WASHINGTON — Rep. Steve Womack, R-Rogers, introduced legislation Tuesday challenging so-called "recess" appointments that President Obama made to the federal labor board.
The legislation would essentially nullify any decisions the National Labor Relations Board has made since Obama appointed three members last January while the Senate was out of town.
The Senate typically is required to confirm presidential nominees under the Constitution’s "advise and consent" clause. However, there is a loophole for allowing appointments when the Senate is not in session.
To prevent such "recess" appointments, the Senate last year held pro forma sessions during periods where no work was done and most members were out of town. That was the case in January when Obama made the three NLRB appointments.
"I – along with many of my colleagues – questioned the constitutionality of these supposed ‘recess’ appointments. So did many of my constituents," Womack said.
A federal appellate court ruled earlier this year that the president overstepped his authority in making those recess appointments, a decision that the White House has indicated it would appeal to the U.S. Supreme Court.
Womack’s bill would halt enforcement of any decisions the NLRB made since those appointments were made and would prevent additional rulings until the Senate confirms the members. A similar bill has already been introduced in the Senate and is being co-sponsored by Sen. John Boozman, R-Ark.
Reps. Tom Cotton, R-Dardanelle, Tim Griffin, R-Little Rock, and Rick Crawford, R-Jonesboro, are co-sponsoring Womack’s bill along with a dozen other House Republicans.
The legislation faces an uncertain future given almost certain opposition by Democrats who hold the majority in the Senate.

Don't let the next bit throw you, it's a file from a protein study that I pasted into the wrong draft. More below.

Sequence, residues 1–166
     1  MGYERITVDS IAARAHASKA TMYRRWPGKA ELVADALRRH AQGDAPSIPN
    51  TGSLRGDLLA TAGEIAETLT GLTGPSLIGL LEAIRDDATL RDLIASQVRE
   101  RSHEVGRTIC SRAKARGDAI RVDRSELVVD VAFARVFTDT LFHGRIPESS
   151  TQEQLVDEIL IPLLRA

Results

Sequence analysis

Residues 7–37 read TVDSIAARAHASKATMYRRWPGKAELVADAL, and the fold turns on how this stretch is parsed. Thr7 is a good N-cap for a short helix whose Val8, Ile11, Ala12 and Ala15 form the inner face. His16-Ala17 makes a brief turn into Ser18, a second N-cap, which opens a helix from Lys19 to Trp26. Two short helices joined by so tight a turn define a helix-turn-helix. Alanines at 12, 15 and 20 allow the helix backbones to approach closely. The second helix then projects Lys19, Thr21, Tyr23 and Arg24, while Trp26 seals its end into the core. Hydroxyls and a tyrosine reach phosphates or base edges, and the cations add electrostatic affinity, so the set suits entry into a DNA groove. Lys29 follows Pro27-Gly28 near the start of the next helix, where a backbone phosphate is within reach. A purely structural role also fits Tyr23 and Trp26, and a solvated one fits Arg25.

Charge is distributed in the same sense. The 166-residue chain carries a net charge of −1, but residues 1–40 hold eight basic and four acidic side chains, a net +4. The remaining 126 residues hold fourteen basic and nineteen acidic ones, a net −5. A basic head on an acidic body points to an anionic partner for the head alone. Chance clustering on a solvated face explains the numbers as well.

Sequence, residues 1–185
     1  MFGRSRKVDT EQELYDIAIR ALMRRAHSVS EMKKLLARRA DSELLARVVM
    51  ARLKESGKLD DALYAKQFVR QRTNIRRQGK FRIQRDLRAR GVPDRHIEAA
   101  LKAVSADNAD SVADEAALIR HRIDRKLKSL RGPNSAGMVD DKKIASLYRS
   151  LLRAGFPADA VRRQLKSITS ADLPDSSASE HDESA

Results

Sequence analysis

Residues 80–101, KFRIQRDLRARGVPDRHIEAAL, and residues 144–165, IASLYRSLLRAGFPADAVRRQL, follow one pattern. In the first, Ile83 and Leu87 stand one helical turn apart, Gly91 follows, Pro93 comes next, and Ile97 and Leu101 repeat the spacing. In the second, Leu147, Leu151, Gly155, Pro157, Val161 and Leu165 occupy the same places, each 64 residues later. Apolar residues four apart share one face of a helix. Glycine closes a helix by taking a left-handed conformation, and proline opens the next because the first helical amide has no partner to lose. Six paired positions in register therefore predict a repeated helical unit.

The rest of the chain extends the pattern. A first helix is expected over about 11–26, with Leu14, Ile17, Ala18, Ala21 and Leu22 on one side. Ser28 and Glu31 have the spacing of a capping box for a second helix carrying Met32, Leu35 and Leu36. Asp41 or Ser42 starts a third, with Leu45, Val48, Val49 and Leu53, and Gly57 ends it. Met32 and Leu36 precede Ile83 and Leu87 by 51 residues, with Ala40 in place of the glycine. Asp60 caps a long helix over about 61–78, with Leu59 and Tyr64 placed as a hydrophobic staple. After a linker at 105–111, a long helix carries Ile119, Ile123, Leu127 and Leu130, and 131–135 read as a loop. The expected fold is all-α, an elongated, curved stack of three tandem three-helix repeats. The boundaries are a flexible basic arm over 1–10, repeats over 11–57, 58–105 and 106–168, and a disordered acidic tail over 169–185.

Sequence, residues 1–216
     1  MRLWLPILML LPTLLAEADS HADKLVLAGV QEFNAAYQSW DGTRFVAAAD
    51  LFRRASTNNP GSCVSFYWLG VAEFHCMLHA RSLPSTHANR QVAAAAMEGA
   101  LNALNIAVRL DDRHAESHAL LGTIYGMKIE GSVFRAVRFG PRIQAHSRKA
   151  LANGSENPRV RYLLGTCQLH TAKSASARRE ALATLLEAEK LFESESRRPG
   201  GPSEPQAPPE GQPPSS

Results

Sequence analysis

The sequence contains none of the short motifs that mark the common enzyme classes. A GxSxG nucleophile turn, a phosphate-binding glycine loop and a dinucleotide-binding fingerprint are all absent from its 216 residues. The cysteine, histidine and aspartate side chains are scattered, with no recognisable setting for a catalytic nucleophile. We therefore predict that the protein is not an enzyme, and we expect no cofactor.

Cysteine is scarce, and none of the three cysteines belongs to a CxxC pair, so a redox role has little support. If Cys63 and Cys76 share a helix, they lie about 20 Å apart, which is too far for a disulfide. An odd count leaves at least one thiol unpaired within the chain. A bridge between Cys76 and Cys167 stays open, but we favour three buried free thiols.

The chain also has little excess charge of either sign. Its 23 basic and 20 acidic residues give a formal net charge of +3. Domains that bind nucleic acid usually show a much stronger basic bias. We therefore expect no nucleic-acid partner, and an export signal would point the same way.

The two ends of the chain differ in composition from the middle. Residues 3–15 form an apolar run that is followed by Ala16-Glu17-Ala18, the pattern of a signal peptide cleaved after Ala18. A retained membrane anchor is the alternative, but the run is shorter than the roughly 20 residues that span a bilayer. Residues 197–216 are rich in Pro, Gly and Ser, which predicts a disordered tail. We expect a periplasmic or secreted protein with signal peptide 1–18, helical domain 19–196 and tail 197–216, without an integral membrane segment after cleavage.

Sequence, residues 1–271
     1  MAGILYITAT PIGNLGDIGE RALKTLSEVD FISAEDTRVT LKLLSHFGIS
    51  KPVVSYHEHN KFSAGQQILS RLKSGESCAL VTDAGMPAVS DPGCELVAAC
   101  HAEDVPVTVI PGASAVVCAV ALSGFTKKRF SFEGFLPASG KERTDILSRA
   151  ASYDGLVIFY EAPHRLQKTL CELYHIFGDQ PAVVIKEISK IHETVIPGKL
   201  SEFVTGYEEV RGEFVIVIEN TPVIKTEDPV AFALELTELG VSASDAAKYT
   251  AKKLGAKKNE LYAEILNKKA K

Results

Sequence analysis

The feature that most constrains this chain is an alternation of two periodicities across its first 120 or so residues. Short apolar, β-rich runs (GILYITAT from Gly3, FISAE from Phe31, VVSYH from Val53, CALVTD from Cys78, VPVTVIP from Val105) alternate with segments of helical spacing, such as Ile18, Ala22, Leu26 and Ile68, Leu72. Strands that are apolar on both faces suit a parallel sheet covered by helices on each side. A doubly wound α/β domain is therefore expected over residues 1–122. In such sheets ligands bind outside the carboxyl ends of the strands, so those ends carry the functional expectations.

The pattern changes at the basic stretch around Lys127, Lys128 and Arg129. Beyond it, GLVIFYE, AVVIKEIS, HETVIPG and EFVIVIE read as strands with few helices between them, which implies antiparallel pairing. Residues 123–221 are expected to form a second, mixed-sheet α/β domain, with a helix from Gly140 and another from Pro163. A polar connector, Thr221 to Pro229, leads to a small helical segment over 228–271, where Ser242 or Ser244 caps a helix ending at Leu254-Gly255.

The White House did not respond immediately to a request seeking comment on the bill Tuesday.
Obama named Sharon Black, Richard Griffin and Terence Flynn to the board last January, avoiding a threatened Republican filibuster and ensuring the NLRB enough members to function. It otherwise would have lacked the three-members needed for a quorum.
Republicans, particularly from right-to-work states like Arkansas, have criticized recent NLRB actions.
Womack, Griffin and Crawford voted in 2011 in favor of a bill to prohibit the NLRB from ordering any employers to close, relocate or transfer employment under any circumstance.
The legislation, which did not become law, was drafted in reaction to an NLRB decision that could have forced Boeing to shutter a newly opened factory in South Carolina and move the work to its main manufacturing base in Seattle.
Obama last month submitted Griffin and Block to the Senate for confirmation to the NLRB.
House Republican leaders have called on Obama to appoint "four qualified individuals" to the NLRB. They have also asked NLRB Chairman Mark Pearce to cease all activity until the Supreme Court rules.
The Supreme Court has not said if it will consider the appeal.